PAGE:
Magazine article The Spectator

Leading Article: Keep the Press Free

Magazine article The Spectator

Leading Article: Keep the Press Free

Article excerpt

It is said that the case for freedom of expression needs to be restated in every generation, but things move faster in the digital era. Just three years after an attempt at state regulation of the press ended in ignominious failure, a fresh effort is being made. The government has begun a consultation on a plan to impose stiff financial penalties on newspapers who refuse to sign up to a state-approved regulator. Anyone wishing to give their opinion on such a regime has until 10 January.

It is odd, for a start, that Theresa May's government feels the need to consult on whether it has a duty to uphold fundamental British liberties. A 300-year tradition of press freedom ought not to be abolished because people (quite understandably) had better things to do than to write in and explain the basics to ministers. But it seems the Prime Minister is calling for reinforcements. Twice, now, regulation to menace the press has been inserted in legislation in the House of Lords only to be narrowly defeated in the Commons.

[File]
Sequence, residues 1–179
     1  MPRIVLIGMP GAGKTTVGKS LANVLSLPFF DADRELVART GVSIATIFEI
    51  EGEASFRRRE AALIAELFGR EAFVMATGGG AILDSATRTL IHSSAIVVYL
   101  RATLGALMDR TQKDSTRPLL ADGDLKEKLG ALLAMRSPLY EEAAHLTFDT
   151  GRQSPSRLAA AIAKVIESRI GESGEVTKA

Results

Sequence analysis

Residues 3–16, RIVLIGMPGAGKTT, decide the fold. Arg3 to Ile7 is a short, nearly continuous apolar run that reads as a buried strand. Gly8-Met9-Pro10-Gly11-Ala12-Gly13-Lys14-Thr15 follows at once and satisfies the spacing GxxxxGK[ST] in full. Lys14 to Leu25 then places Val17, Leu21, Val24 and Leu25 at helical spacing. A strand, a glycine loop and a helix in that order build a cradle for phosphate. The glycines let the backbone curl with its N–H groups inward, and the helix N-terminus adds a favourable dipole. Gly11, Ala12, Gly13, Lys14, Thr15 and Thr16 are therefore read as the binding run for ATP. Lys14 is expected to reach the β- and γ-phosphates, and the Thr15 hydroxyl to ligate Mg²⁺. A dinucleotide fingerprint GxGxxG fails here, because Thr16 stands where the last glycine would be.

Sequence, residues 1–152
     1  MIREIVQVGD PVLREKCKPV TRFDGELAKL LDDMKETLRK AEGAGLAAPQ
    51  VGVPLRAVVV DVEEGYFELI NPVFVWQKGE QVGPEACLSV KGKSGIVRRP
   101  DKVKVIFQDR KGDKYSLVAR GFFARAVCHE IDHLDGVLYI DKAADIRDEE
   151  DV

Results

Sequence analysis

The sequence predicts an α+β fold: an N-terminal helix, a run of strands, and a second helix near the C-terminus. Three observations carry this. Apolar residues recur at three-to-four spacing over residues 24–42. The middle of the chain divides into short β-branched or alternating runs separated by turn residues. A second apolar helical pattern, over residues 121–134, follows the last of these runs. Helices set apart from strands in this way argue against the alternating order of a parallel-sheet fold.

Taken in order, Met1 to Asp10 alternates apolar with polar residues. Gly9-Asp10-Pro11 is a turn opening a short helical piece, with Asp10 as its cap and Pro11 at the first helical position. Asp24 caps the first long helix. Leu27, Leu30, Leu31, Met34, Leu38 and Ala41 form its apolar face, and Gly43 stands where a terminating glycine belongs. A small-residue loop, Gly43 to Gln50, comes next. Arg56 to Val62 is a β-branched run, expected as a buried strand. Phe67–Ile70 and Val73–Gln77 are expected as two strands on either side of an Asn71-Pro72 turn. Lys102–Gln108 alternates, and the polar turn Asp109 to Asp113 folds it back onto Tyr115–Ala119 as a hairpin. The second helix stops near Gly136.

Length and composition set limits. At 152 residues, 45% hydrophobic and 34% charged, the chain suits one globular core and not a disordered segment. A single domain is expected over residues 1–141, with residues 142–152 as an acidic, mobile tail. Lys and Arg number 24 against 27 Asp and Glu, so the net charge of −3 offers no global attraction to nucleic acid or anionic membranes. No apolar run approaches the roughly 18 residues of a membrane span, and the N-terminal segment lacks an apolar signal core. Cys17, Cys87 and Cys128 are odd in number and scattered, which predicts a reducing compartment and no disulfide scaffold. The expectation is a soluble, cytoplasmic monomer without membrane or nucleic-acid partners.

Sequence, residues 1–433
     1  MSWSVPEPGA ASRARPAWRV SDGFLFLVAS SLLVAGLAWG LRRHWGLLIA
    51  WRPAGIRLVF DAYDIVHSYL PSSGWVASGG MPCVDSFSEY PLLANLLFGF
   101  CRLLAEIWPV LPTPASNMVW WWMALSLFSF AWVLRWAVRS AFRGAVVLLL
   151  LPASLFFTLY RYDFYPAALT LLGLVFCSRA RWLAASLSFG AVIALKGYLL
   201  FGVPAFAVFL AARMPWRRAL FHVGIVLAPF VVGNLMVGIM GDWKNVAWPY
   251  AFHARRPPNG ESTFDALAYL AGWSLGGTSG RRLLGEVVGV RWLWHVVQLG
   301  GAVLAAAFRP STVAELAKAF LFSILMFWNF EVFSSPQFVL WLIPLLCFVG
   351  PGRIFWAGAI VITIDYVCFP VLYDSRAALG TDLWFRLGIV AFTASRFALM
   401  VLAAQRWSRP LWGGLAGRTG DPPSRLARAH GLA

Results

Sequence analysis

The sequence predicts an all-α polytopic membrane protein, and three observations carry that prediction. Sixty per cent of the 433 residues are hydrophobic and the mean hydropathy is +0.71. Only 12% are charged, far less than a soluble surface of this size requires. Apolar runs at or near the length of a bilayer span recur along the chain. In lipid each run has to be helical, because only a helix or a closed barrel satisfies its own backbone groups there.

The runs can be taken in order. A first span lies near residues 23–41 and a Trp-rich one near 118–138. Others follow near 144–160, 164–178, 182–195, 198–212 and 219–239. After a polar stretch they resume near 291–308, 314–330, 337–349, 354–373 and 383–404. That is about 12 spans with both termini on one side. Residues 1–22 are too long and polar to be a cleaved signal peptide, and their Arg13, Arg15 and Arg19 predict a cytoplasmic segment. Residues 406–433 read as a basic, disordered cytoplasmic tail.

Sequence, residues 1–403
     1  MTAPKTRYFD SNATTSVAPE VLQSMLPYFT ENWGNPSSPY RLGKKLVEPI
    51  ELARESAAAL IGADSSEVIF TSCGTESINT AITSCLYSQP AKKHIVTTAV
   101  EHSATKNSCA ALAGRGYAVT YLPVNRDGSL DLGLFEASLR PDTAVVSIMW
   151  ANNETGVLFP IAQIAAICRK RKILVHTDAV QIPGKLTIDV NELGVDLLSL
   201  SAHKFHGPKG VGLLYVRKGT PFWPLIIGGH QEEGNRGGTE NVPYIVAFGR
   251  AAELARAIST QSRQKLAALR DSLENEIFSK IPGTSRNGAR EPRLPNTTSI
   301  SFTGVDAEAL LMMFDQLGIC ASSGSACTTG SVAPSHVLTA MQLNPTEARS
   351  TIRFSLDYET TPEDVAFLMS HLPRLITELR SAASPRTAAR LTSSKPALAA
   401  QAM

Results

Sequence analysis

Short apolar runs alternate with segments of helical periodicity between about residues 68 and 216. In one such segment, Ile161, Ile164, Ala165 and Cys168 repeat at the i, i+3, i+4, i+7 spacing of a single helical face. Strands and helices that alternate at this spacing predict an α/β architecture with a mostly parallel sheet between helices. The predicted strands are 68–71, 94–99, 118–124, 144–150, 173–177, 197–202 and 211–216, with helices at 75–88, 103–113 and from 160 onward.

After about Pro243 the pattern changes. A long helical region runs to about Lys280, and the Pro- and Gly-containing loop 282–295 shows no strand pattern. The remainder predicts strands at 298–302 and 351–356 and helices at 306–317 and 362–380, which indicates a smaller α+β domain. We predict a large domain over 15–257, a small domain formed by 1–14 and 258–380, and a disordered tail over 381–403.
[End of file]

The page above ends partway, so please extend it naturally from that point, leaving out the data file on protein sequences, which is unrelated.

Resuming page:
Press freedom is, once again, hanging in the balance. For generations, politicians have been annoyed that their writ does not extend over newspapers. Now and again, they volunteer themselves as custodians of press freedom and architects of a new regulatory regime. David Cameron did so in the aftermath of the hacking scandal. Following the resulting Leveson inquiry, the government set out a royal charter for press regulators. No newspapers signed up to it. The question the government is now considering is whether to force them to do so.

The plan -- called section 40, after a so-far-unused part of the 2013 Crime and Courts Act -- would mean that if a libel action was brought against a newspaper, it would be forced to pay the legal costs of its opponents even if it won the case. It is not hard to see where this would lead. Rich and powerful people who had something to hide would be able to threaten newspapers into pulling stories they found inconvenient. The risk of huge legal costs would be used as a battering ram against truthful reporting. To MPs, still resentful of the expenses investigation, that sounds ideal.

If defendants found not guilty of fraud or theft were sent a bill for the Crown's prosecution costs, as well as the police's bill for investigating them, it isn't hard to imagine how human rights groups would respond. Yet because this obvious system of injustice is aimed at the press, it has generated rather less protest from people who profess to be of liberal mind. Indeed, Labour and Liberal Democrat peers have been the most active in pushing for section 40 to come into force. …

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